edu_boxplot = sns.boxplot(x="advisory_on", y="high_school_more", data=demo_df, palette = "Blues")
edu_boxplot.set_xlabel("Advisory On", fontsize = 13)
edu_boxplot.set_ylabel("HS/Higher Education", fontsize = 13)
edu_boxplot.set_title("Proportion of Indigneous community with HS/Higher Education", fontsize= 13)
edu_boxplot.grid(False)
```

In [7]:

```
#boxplot of unemployment rate
unemp_boxplot = sns.boxplot(x="advisory_on", y="unemployment_rate", data=demo_df, palette = "Blues")
unemp_boxplot.set_xlabel("Advisory On", fontsize = 13)
unemp_boxplot.set_ylabel("Unemployment Rate", fontsize = 13)
unemp_boxplot.set_title("Unemployment Rate Dynamics", fontsize=16)
unemp_boxplot.grid(False)
#unemp_boxplot.legend(handles = unemp_boxplot, labels = ["Advisory Off", "Advisory On"])
```

In [8]:

```
#boxplot of migration (population)
plt.figure(figsize=(5,9))
pop_boxplot = sns.boxplot(x="advisory_on", y="population", data=demo_df, palette = "Blues")
pop_boxplot.set_xlabel("Advisory On", fontsize = "13")
pop_boxplot.set_ylabel("Population", fontsize = "13")
pop_boxplot.set_title("Population Dynamics", fontsize = 15)
pop_boxplot.grid(False)
```

In [9]:

```
#zooming in
pop_boxplot = sns.boxplot(x="advisory_on", y="population", data=demo_df, palette = "Blues")
pop_boxplot.set_xlabel("Advisory On", fontsize = 13)
pop_boxplot.set_ylabel("Population", fontsize = 13)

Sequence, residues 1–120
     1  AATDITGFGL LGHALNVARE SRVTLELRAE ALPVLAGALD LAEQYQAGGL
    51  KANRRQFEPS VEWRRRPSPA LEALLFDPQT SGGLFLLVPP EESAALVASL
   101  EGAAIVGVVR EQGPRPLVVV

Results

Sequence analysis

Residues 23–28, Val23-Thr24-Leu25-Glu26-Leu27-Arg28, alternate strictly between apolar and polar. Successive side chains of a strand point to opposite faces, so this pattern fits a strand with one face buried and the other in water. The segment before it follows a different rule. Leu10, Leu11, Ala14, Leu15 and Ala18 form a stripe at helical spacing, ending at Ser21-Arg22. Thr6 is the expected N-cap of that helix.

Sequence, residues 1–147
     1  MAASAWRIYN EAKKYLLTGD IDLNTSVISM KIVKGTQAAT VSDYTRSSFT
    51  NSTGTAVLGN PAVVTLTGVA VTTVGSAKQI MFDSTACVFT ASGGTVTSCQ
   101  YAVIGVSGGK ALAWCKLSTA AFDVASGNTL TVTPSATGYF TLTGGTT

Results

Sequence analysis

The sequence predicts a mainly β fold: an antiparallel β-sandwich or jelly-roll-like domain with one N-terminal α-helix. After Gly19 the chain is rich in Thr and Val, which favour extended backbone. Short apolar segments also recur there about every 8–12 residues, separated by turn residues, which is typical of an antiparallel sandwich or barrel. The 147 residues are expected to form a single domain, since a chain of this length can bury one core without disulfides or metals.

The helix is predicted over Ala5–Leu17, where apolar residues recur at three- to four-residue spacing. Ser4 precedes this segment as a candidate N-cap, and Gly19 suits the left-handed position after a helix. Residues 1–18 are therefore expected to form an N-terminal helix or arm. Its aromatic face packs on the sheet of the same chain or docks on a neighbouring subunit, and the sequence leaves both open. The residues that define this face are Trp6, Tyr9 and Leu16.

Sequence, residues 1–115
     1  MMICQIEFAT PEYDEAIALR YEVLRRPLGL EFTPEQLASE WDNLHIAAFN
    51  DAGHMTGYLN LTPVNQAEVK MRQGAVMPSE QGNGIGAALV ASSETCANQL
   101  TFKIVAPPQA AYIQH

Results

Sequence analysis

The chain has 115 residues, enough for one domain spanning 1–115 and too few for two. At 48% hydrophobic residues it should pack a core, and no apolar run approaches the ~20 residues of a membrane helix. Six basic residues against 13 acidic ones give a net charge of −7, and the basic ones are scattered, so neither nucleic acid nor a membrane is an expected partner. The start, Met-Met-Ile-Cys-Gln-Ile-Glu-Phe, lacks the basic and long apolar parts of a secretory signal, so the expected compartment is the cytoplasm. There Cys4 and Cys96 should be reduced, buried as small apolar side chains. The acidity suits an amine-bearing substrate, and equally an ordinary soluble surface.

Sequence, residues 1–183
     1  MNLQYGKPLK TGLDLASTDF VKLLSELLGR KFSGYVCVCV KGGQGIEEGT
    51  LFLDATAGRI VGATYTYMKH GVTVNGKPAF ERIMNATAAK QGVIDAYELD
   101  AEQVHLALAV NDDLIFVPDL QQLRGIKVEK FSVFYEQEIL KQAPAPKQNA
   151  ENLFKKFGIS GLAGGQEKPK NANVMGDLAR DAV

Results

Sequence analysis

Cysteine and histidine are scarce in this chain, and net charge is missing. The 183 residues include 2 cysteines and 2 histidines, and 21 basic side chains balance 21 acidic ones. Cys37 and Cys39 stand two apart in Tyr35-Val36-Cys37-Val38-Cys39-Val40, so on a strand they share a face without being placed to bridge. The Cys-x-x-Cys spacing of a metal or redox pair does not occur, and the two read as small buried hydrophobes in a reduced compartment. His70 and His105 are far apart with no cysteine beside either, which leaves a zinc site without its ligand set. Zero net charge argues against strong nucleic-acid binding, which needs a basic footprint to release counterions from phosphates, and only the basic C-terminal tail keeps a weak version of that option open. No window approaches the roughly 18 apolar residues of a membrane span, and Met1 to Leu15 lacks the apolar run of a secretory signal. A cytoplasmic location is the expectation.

pop_boxplot.set_title("Zoomed In Box Plot of Population Dynamics", fontsize =15 )
plt.axis([-1,2,0,1500])
pop_boxplot.grid(False)
```

From the graphs, we see that when an advisory is turned on, the mean of the unemployment rate and attainment of a highschool/higher level education is higher than when an adivsory is off or not in place. For population (migration change) we see that it is slightly lower when an advisory is in effect.

To get a better idea of how long term water boil advisories are distributed across Canada, I'm going to make a map of the individual First Nation communities that are affected. First, I'll make my dataset of coordinates so I will be ready to put the point on the map. I created this dataset by searching up affected First Nation community names, and obtained coordinates from the GeoHacks website from Wikipedia, or from Google Maps.

Using folium, I create a map of Canada with interactive points with the names of affected First Nation communities. Click to take a look at the names!

In [10]:

```
import folium
map_1 = folium.Map(location=[55.585901, -105.750596], zoom_start = 5)
map_data = pd.read_excel(r'map data 2.0.xlsx')
map_df_1 = pd.DataFrame(map_data)